Crazy Ali of Turkey: “The Village Poet,” by Marcelline Burns
Marcelline (Marcy) Burns is an author-friend I made through her response to "Sightlines: A Poet's Diary" and continued penpal correspondence with both my father and myself. She is one of my role models I use when answering the question, "What kind of old woman do I want to be?" This was a question posed to me in the 1990s by a close West African friend and I find it has much resonance for me. I visited Marcy in Oxnard on my latest trip to Southern California. We shared a good meal, even better conversations, and a walk on the beach near her home. Clearly, she's a globe-trotting mama---er, grandmama. ---JGR
Outside a small shop, we stopped when we saw a speaker for an ancient record player. Somehow it had survived many years in remarkably good shape, and we amused ourselves by wondering aloud whether Buster Brown and his dog Tighe might be nearby. We were ready to move along when the shopkeeper emerged and spoke to us in English.
---Marcelline Burns' "The Village Poet"
It is a small village of no particular note. Perhaps we were told the name, but it is now forgotten. The year was 2007, and the month was September. We were traveling through southeastern Turkey, a driver, a guide and 19 American tourists in a large coach. Our cameras had been idle on this afternoon, and we had drifted off into silence and into our private thoughts as we traveled in a dusty, rocky landscape.
Now and then there were small ancient stone houses, brown weeds crowning their flat rooftops. The neatly stacked piles near the houses---what on earth were they? “Dung”, we were told. “The dung is fuel to heat their houses and cook their food.”
There were no trees, nothing green, but lively goats led flocks of sheep and somewhere in the distance a shepherd followed. We murmured one to the other, “What do the sheep eat? Or drink…and the shepherd…where does he live?” We were looking with the eyes of urban America. We of an abundant lifestyle were puzzled by this barren place.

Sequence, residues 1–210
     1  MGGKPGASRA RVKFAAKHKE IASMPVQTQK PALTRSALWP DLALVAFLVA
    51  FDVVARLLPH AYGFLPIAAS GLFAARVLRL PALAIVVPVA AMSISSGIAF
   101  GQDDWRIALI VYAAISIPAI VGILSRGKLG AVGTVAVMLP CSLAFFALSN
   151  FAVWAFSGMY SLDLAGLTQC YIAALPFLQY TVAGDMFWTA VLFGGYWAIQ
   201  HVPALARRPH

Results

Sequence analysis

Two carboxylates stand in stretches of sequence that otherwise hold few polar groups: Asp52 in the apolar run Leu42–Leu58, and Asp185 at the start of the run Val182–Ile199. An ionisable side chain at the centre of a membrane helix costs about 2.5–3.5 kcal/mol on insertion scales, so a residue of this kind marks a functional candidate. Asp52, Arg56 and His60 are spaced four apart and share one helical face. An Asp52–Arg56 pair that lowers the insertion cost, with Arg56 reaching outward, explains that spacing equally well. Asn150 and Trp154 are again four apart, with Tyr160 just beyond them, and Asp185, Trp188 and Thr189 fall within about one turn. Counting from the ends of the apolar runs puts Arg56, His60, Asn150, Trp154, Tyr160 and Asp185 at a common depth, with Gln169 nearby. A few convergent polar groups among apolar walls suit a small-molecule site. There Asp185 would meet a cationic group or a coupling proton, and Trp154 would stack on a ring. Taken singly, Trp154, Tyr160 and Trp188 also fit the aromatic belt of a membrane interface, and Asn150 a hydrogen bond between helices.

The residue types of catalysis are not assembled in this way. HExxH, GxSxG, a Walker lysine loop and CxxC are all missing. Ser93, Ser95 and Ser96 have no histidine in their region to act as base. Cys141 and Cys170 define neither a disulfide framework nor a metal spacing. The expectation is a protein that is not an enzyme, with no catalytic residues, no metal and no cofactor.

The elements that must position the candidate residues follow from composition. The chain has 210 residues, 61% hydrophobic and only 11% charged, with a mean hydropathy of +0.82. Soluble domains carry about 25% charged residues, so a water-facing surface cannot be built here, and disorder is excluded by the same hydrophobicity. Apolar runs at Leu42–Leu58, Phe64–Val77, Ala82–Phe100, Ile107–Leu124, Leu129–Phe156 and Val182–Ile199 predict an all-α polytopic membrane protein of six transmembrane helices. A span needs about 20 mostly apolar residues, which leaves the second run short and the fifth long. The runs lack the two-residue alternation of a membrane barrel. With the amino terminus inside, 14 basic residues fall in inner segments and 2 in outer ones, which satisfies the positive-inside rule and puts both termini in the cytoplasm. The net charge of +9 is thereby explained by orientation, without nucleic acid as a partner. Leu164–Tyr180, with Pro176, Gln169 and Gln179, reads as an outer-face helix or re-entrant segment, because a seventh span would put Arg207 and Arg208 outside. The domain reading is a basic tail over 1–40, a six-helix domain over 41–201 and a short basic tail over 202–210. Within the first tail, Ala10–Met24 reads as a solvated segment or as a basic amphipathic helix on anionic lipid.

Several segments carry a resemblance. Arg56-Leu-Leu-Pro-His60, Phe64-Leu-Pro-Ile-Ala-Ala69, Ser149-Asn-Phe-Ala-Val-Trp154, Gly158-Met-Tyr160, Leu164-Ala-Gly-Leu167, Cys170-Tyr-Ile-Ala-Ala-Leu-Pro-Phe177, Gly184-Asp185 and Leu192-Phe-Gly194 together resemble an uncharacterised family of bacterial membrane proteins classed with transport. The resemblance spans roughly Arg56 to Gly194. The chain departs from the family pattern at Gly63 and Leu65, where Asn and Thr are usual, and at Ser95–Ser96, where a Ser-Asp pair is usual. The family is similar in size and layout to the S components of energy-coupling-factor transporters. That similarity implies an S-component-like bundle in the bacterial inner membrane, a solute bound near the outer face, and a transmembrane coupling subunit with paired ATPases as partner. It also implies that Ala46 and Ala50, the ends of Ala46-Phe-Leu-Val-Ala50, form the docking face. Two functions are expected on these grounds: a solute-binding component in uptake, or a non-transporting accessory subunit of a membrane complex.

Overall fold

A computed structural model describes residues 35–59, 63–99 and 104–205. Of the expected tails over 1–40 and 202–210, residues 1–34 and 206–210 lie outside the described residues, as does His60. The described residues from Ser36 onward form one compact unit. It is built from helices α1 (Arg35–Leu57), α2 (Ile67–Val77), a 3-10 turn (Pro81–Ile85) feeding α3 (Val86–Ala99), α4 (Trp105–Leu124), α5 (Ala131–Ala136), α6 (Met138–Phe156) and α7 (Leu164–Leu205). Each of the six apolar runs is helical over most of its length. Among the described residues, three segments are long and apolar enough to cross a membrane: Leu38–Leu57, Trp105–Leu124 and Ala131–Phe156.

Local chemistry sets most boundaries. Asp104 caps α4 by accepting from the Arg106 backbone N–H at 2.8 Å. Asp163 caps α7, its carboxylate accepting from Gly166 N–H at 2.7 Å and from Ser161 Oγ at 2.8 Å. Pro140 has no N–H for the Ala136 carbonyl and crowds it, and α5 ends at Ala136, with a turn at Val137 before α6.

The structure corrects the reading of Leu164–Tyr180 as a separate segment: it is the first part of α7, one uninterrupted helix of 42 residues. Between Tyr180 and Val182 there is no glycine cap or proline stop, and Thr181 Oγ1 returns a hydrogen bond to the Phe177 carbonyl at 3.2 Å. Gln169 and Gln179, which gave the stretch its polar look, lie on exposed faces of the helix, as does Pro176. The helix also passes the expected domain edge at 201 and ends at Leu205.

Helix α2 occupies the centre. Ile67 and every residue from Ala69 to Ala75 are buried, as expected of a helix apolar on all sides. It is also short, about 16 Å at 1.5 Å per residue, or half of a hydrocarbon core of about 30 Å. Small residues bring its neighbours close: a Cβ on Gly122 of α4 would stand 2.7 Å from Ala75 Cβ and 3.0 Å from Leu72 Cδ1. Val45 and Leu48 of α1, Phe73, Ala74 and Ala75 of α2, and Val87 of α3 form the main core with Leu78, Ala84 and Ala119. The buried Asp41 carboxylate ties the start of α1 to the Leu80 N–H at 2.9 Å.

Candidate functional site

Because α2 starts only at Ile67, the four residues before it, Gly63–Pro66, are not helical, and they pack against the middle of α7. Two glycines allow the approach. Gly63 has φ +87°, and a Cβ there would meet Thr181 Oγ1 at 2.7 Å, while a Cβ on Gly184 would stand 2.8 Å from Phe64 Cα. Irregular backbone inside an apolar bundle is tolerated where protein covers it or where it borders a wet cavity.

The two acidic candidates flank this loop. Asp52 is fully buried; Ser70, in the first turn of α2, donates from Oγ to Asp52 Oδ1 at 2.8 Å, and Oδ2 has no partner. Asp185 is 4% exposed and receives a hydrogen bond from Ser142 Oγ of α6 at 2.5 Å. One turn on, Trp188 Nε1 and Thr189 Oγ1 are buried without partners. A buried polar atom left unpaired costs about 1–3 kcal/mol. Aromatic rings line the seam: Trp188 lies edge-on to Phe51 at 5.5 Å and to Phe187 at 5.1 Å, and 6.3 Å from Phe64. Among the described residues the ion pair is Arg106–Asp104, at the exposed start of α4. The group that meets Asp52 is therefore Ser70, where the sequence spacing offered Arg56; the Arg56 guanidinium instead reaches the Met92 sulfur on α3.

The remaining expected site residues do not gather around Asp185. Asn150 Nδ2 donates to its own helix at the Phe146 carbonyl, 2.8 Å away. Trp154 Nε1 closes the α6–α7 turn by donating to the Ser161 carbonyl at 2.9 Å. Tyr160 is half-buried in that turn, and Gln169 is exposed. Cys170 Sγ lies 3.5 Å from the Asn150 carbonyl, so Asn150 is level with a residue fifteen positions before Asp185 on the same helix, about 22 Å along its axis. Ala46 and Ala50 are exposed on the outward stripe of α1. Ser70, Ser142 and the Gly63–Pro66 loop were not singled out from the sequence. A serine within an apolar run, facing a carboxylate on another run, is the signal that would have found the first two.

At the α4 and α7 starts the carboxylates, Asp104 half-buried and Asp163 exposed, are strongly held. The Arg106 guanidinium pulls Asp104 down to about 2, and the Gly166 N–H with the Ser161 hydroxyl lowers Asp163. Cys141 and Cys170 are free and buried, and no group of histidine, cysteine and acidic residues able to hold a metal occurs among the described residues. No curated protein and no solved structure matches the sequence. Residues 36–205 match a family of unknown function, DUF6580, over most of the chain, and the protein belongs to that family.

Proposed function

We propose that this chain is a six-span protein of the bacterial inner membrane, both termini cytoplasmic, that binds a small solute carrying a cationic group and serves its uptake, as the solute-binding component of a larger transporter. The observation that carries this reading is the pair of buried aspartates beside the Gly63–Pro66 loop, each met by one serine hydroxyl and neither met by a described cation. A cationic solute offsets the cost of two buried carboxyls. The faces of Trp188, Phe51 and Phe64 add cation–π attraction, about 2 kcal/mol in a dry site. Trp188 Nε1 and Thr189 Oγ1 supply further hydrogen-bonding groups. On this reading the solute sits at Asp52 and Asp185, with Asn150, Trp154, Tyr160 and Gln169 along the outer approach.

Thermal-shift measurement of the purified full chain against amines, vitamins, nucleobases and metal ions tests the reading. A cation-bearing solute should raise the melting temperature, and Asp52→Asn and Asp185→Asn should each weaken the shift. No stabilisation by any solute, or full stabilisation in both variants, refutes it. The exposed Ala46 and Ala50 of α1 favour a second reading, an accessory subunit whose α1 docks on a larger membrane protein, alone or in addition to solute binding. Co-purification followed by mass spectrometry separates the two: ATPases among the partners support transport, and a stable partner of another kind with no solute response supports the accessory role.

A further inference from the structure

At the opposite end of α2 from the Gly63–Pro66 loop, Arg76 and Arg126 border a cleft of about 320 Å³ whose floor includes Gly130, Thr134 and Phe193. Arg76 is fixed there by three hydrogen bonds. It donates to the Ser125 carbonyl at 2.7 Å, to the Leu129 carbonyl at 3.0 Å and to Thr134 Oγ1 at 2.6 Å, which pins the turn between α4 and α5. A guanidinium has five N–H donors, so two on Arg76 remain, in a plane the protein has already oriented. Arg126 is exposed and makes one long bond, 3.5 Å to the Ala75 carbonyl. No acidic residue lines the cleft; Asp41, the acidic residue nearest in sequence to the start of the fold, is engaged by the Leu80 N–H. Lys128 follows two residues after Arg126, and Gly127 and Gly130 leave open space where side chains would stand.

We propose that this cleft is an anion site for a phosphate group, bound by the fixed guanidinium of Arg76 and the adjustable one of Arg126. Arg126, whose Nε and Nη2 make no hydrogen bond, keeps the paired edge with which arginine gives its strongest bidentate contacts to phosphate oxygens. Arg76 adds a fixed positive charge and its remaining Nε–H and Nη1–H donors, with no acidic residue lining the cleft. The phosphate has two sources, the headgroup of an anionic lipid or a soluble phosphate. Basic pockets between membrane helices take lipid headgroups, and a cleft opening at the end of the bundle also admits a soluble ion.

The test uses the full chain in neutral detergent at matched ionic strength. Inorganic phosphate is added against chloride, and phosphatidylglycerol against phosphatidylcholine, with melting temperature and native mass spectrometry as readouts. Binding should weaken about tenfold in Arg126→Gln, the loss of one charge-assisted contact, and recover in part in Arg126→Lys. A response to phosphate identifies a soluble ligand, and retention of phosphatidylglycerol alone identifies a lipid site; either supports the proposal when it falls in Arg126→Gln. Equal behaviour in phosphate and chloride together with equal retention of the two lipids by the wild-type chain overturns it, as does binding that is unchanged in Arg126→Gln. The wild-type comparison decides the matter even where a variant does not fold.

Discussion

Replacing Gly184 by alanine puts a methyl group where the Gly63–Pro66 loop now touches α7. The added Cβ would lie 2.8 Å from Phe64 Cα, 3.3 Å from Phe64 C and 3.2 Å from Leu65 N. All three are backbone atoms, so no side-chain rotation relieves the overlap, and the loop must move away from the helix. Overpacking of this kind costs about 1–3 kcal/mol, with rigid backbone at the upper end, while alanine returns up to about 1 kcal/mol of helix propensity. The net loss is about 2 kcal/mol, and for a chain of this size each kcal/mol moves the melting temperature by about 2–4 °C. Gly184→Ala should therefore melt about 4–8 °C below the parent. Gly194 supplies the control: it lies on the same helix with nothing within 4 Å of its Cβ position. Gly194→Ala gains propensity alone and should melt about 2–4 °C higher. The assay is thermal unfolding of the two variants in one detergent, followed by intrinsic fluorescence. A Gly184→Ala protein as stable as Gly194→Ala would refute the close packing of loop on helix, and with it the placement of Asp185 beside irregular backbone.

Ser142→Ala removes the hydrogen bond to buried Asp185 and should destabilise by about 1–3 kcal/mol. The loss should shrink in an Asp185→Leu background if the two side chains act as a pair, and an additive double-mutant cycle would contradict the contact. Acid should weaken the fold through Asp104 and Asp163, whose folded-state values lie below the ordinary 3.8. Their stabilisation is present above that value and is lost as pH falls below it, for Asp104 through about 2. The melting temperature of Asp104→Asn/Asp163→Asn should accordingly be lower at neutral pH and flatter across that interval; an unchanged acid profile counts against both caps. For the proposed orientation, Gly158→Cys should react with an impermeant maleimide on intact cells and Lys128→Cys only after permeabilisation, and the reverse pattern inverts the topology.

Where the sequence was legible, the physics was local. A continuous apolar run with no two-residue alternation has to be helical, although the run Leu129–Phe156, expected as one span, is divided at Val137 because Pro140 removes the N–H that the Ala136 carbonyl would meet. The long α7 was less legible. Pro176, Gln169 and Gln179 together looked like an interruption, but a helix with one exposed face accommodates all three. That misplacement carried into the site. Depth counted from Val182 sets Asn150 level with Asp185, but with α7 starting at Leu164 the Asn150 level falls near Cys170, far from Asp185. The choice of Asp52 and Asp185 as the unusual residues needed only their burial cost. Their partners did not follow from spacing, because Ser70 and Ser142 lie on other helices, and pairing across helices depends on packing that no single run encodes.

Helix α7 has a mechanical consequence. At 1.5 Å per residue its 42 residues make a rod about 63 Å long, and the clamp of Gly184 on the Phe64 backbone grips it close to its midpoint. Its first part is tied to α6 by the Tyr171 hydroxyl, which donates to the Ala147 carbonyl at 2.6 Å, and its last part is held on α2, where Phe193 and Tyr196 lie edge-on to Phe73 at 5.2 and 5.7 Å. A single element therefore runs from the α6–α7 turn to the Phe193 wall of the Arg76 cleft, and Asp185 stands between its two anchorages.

The bus lumbered slowly along a single lane. When the dirt road ended at a cluster of small buildings, the driver slowed and stopped the bus, and the guide said, “Time to stretch. Walk around. The villagers are friendly.”
The nice lady from Milwaukee asked, “Anything special here?” On another day in a distant city she had purchased two large, beautiful, costly Kulim carpets. She frowned just a little when the guide said, “No, just a village.” There would be no shopping on this stop.
When I stepped down from the bus, a small boy blocked my way. All in a breath, he said, “My name is Muhammed. I am nine years old. What’s your name?” His dark hair was neatly combed, his clothes were clean, and his eyes were mischievous in the way of little boys. He spoke clearly with barely a trace of an accent.
When I answered his question and asked him how he had learned English, his smile grew bigger, but he stared at me without a trace of recognition. He was pleased to have my attention, but he understood none of my words. He had spoken all the English he knew, and he couldn’t tell me how he had learned those few words.